Our progress so far had been embarrassingly slow but we were enjoying ourselves and that’s what mattered. And with another late start it was going to be a hard task to get to Exmouth by the end of the day, so the plan was to pull up short at Budleigh Salterton.
Looking back across Salcombe Mouth
We picked up the coast path using a slightly longer and diagonal path out of Salcombe Regis to make the ascent to the first high point of the day slightly gentler. Dropping into Sidmouth we went on a search for some sun block and a few supplies. Having decided not to queue for an ice cream in Branscome Penny finally got her wish and had one from the shop in town. The climb out of Sidmouth was as previous days although not quiet as severe as others. As you progress along this stretch of coast the rock changes from limestone, to greensand to sandstone and the colour of the cliffs change accordingly.
Over Peak Hill, the first bump in the coast of the day, brings you to Windgate. (I’m guessing it gets it’s name from the fact it sits between Peak Hill and High Peak and as acts like a funnel in the right weather conditions.) After High Peak the path drops and adopts a more gentle rolling way along the coast. We passed the campsite at Ladram Bay and was glad of yesterday’s decision not to press on; it was an ugly, over crowded piece of real estate that we couldn’t wait to leave behind.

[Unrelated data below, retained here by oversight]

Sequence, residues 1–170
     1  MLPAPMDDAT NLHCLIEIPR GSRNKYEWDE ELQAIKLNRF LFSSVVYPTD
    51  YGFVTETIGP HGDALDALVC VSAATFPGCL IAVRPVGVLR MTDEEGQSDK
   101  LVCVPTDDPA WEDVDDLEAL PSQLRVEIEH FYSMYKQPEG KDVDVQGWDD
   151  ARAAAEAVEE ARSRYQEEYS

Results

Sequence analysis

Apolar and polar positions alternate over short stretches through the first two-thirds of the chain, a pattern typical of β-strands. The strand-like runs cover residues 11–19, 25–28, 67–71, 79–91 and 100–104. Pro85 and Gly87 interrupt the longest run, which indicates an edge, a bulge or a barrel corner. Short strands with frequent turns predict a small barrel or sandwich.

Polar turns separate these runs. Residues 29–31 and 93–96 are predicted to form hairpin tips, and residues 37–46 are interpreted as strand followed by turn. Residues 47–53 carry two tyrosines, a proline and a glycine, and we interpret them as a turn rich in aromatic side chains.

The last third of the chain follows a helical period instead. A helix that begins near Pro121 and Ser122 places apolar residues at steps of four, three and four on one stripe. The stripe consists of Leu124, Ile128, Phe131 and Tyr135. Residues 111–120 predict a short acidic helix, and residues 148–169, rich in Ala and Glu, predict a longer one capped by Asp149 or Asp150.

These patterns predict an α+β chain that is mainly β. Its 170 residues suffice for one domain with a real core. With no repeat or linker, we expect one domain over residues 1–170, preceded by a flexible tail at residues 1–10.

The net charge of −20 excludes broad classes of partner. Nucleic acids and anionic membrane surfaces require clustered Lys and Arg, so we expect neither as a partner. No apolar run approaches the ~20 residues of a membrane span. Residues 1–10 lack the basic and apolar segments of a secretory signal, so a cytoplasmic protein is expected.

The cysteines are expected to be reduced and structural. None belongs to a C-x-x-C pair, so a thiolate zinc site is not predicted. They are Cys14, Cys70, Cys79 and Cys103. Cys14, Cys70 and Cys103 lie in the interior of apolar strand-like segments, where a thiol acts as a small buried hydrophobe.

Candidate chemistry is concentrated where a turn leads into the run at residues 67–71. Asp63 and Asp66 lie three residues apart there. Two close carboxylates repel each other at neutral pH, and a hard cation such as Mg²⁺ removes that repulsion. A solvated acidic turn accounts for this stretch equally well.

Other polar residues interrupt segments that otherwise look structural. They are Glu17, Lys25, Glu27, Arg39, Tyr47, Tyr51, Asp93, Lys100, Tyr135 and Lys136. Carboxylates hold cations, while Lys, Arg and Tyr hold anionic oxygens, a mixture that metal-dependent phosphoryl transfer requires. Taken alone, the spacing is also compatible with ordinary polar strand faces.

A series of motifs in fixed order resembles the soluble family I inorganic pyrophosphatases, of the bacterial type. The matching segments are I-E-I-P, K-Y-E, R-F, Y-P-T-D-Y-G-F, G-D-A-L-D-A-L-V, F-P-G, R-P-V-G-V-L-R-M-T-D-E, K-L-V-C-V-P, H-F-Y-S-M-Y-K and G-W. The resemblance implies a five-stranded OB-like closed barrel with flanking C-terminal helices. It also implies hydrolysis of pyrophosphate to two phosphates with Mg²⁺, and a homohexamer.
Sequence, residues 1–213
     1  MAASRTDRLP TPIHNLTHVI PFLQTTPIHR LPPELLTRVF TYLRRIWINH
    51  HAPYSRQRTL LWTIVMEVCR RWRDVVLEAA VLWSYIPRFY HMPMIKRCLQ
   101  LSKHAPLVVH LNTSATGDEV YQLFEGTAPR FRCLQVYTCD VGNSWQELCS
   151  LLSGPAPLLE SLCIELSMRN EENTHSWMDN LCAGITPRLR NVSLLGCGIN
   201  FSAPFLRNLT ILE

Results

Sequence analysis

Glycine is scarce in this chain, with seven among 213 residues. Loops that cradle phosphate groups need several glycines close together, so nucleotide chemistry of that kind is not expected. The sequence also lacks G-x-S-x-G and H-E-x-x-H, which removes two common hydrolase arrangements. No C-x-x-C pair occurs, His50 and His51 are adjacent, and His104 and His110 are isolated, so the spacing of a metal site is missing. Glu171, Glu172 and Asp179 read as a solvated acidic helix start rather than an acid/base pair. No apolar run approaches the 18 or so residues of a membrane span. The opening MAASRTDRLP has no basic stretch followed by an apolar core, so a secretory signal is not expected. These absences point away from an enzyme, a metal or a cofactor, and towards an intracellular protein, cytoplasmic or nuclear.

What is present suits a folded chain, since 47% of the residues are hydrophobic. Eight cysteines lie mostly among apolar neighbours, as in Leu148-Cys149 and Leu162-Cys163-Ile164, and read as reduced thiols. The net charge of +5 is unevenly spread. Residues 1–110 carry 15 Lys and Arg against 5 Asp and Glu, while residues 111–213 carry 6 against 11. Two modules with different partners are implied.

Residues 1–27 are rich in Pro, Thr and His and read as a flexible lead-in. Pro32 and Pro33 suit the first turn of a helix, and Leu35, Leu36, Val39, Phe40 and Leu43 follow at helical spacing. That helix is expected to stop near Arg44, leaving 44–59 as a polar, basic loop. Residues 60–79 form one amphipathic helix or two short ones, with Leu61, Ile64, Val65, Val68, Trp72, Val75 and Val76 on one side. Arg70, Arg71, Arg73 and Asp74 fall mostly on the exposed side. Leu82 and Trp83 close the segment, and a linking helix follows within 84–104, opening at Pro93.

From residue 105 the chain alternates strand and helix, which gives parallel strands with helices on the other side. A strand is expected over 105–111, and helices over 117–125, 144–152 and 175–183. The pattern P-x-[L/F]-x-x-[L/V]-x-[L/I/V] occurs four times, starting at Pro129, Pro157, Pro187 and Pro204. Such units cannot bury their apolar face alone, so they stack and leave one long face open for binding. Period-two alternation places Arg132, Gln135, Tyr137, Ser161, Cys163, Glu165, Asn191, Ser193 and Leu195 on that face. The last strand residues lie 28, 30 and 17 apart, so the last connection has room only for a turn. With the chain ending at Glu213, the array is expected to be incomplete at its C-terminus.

At the Otter Estuary the path heads inland for a kilometre to a bridge before heading back down the western edge of the estuary this time there was no luxury of hitching a ride on a tram. Like the wetlands at the mouth of the Axe this area had also been designated a nature reserve and if we had the time, patience and binoculars we could have twitchered for a bit. But instead we walked into Budleigh Salterton called for our lift and decamped to the grottiest pub that we could find (not as difficult as that would seem).